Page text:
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United Technologies Government Products Group Pratt & Whitney Aircraft • October 1978 - December 1981
I had hoped to work on the Pegasus license but that was silent. A chance meeting with a female math aid on the shuttle bus to the main plant driven by a pair of Czech refugees led to a all night visit to the test area to witness a J-52-P6 endurance test with a water-cooled camera videotaping the flame. Broad brush studies of various cores applied to reengining of the KC-135 and B-52 led to a loss. I got to see the STABLEMATE documents. An offer came to transfer to Product Support and become a Field Service Representative on the F-100. I took it. That led to intensive workbook and then hands on disassembly and assembly of an (2) at Edwards AFB. A minor dustup about an oversize rivet for the Woensdrecht depot in the Netherlands found me back in the Operations Analysis part of New Engines and this time the work led to the production version of the AMST/ YC-15 being sized and a clipped fan non-optimum JT-9D being seen as best. The only thing left was to prove using a TI-42 with ROCK to upgrade my TI-37 programmable that a supercruiser was not going to intercept supersonic targets at high altitude from ground scramble. Thus I missed out on the much later lift fan work and the JSF engine.
McDonnell-Douglas • August 1969 - August 1978
The "Skyhawk" was still in production but was going to move to Palmdale. I had no access anymore to the C-9. A new hire hidden in our group to give marketing an extra body began to tutor me about Mechanized warfare. Soviet doctrine was observed in vast array. One weekend we boosted the Hawker-Siddeley based on a UK team that had been working in secret on the floor below. A winner that went to St. Louis and led to the ski-jump carrier..Several boxes of IBM 80 column cards came from St. Louis planning with classifed decks included. This program or model along with the dat had been generated as part of a competitive win on the FX program. McDonnell still had to win the Contract Definition competition to be given a go ahead on the FX. Someone broke into the safe containing the classified decks by prying open the face of a drawer. The programmer accused me of using a crow bar. Nothing was missing. I consulted with the Quickturn project at Huntington Beach as it prepared for a competition called AGILE..Huntington Beach got their deck running first on a CDC-6500. It was about a year later when Long Beach's deck ran on an IBM 360/85. The AGILE was a loss. I really never was able to drop back to support missile test using a DC-10. Large aircraft was going to be the future at long Beach. The AMST was the focus for a clean sweep of Engineering and Production Engineering.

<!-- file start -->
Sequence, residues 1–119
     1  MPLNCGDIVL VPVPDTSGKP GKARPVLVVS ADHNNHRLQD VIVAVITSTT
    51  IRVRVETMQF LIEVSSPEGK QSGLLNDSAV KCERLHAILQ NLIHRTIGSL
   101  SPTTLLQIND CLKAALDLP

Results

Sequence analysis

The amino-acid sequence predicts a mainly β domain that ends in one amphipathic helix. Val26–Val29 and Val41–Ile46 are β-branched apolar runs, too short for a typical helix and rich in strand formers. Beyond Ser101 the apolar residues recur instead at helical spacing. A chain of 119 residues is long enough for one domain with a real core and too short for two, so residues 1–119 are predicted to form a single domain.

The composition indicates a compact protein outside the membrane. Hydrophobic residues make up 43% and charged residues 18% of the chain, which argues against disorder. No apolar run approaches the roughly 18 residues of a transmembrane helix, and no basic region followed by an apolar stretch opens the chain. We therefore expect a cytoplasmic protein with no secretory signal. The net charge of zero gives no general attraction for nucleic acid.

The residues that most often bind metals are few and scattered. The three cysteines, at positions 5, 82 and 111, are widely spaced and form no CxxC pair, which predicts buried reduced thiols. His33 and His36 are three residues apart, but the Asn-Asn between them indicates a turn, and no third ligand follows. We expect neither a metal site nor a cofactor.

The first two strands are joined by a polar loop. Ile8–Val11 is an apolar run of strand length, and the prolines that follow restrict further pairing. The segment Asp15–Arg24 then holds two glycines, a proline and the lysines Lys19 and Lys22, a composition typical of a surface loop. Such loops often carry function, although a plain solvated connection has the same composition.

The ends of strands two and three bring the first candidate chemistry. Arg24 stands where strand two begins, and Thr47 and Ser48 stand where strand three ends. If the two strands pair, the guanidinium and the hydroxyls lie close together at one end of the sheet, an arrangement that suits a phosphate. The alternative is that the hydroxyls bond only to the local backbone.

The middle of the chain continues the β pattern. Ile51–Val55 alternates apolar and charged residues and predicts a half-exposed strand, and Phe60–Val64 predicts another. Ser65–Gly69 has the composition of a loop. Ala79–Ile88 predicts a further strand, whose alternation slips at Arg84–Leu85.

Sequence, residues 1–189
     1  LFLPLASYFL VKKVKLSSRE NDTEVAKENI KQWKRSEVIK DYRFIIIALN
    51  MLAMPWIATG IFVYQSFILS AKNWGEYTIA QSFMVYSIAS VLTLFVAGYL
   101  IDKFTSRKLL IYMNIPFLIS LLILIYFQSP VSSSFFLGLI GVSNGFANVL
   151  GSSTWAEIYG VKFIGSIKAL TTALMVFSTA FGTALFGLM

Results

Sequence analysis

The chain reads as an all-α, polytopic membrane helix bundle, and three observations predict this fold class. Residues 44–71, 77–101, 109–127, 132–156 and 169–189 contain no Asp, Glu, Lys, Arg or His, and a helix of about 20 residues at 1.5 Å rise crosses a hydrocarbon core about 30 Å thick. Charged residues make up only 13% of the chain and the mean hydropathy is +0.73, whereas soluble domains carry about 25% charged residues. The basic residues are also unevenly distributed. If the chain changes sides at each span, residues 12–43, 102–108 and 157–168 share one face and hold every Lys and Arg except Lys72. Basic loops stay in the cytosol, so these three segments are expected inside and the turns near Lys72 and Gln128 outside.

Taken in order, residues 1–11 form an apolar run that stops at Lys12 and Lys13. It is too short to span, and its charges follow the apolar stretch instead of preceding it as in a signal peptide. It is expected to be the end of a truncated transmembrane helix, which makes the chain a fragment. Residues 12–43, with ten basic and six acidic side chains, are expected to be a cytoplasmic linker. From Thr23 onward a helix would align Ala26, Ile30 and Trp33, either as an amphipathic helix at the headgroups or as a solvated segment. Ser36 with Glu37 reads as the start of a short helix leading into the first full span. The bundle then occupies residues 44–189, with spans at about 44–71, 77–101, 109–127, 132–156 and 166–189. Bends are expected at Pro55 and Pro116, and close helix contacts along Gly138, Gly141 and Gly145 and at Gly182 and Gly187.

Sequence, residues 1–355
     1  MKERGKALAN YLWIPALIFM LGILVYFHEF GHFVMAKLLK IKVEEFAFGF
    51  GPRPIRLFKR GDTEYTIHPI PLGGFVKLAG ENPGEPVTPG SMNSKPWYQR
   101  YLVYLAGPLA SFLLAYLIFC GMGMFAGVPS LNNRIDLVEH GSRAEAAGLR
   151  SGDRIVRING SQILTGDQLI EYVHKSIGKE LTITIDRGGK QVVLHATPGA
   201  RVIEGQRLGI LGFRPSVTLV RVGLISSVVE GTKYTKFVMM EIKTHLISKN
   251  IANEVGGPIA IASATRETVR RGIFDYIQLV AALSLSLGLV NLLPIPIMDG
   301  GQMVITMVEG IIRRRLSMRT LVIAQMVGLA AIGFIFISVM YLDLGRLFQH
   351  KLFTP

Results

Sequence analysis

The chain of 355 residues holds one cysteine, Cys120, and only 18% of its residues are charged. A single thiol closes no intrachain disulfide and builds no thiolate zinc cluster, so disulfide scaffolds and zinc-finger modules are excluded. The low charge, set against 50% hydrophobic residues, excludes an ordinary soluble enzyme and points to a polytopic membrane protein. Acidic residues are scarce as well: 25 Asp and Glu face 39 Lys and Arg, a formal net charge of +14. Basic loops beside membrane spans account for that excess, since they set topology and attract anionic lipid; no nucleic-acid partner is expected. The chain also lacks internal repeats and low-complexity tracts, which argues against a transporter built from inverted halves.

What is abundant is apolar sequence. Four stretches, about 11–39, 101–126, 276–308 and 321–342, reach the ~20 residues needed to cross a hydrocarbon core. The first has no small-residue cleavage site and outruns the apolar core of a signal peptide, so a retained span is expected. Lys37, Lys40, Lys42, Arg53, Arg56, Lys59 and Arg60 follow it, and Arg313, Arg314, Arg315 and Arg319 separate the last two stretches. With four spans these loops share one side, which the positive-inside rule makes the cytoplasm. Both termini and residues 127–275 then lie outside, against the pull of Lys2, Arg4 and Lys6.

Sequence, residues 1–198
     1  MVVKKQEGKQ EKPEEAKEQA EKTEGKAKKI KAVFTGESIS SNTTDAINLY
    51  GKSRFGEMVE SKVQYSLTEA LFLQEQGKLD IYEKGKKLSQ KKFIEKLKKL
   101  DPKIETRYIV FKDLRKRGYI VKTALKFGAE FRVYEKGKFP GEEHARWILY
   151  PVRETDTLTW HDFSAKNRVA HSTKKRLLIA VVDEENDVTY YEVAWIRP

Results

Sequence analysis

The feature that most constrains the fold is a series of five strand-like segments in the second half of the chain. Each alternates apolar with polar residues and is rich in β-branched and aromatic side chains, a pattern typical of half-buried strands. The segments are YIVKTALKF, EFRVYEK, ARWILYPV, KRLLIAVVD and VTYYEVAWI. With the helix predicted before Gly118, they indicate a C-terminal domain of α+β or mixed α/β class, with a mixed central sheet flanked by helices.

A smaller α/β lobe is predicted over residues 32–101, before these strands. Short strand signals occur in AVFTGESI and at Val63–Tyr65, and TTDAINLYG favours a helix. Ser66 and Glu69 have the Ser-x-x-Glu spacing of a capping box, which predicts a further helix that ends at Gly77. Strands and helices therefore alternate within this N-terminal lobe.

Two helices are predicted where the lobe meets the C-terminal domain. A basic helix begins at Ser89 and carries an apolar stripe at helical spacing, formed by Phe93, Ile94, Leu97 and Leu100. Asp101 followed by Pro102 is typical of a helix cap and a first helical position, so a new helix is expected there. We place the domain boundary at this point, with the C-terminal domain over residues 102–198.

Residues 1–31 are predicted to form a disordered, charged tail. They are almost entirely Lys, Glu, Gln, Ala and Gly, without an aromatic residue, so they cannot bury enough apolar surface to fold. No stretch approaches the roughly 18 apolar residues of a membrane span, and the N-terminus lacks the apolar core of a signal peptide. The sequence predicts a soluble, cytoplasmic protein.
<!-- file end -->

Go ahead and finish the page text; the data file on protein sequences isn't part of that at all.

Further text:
Douglas Aircraft • May 1965 - August 1969
At last I had a real professional job in California. I was given a seat with a reliability engineer who was a close associate of Donald Douglas Jr and a partner in a 35 foot catmaran with it's designer and the DC-9's chief designer,, Harold Roberts. While waiting to begin work as an operational analyst on military DC-9 applications I was assigned to a USAF support program for project Apollo. A winner. The DC-9 Aeromedical Evacuation application renamed C-9A "Nightingale".was also a winner. Then came suppression of a study of simulation and training for Navigator training and navigator/bombardier training I was cut lose and the program was lost to the boeing T-43 (737). Only Combat Systems had an opening and it was a a bean counter calculating pipeline and attrition for the TA-4J "Skyhawk" Old Don Douglas was ready to call it quits. The company had outlasted the 6 months prediction in 1965 but now it was finished..
Standard of Indiana • August 1956 - August 1964
I had to get a work permit to begin nights and weekends at Krohn's Standard service. Krohn had been a carpenter and now had his own business. His previous assistant had helped him change tires on gravel trains to augment his business. The company expected a routine gasoline retail growth with seasonal traffic to the lake 15 miles North.
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University of Michigan
Physics, BS, Mathematical Physics • January 1961 - January 1965
I was called one blizzard Saturday. My father loaded his incinerator, his bushels of trash and his two children into his 1949 Plymouth for a trip to the city dump. On the way back he saw a friend trying to free his car from the tall snow berm thrown up over it by the city grader. He was a prudent man and had a snow shovel in his trunk. He parked us on the wrong side of the road in the unplowed lane and went to assist. After about half an hour I looked forward from watching the progress in digging and saw through the blowing snow and heard over the howling wind the sound of the grader as it now crashed into the car I was in and I smashed my lip on the ash tray in the middle of the seat back. For a few years after that I would take refuge at the County Road commision talking to the mechanics who gave me huge souvenir parts removed from repairs to Austin-Western plows and Walter trucks. Then one day in the mid-50's the county coroner took me away from Sunday dinner with my family into the slumber room with the coffins and began to tell em about the dangers of OHV V-8's in low price cars. Often he said the driver hit a tree and at the hospital the surgeons had to remove his spleen and transection his liver to repair damage to his torso. I did not know the driver of the grader had hit his chest on the steering wheel and column. The grader was a Galion with dual wheels like a truck and a stand up driving platform behind the rear axle. The engine hung in a louvered hood with the radiator in front ahead of the rear dual wheels just behind the angle grader blade under the bridge out to the front wheels. On the internet recently I found out those type graders had a Wisconsin t-head engine.